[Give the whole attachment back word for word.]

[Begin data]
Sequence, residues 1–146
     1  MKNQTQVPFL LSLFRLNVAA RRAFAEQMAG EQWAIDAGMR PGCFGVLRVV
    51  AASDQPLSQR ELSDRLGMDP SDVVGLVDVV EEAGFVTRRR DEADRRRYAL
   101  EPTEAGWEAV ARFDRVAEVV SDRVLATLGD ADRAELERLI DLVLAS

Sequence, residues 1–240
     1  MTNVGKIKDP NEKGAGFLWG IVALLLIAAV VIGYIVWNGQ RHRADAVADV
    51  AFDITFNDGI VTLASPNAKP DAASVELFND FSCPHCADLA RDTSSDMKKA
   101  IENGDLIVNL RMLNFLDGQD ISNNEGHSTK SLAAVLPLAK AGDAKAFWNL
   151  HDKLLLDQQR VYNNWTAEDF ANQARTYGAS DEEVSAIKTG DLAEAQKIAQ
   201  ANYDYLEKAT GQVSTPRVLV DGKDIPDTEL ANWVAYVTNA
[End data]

Sequence, residues 1–146
     1  MKNQTQVPFL LSLFRLNVAA RRAFAEQMAG EQWAIDAGMR PGCFGVLRVV
    51  AASDQPLSQR ELSDRLGMDP SDVVGLVDVV EEAGFVTRRR DEADRRRYAL
   101  EPTEAGWEAV ARFDRVAEVV SDRVLATLGD ADRAELERLI DLVLAS

Sequence, residues 1–240
     1  MTNVGKIKDP NEKGAGFLWG IVALLLIAAV VIGYIVWNGQ RHRADAVADV
    51  AFDITFNDGI VTLASPNAKP DAASVELFND FSCPHCADLA RDTSSDMKKA
   101  IENGDLIVNL RMLNFLDGQD ISNNEGHSTK SLAAVLPLAK AGDAKAFWNL
   151  HDKLLLDQQR VYNNWTAEDF ANQARTYGAS DEEVSAIKTG DLAEAQKIAQ
   201  ANYDYLEKAT GQVSTPRVLV DGKDIPDTEL ANWVAYVTNA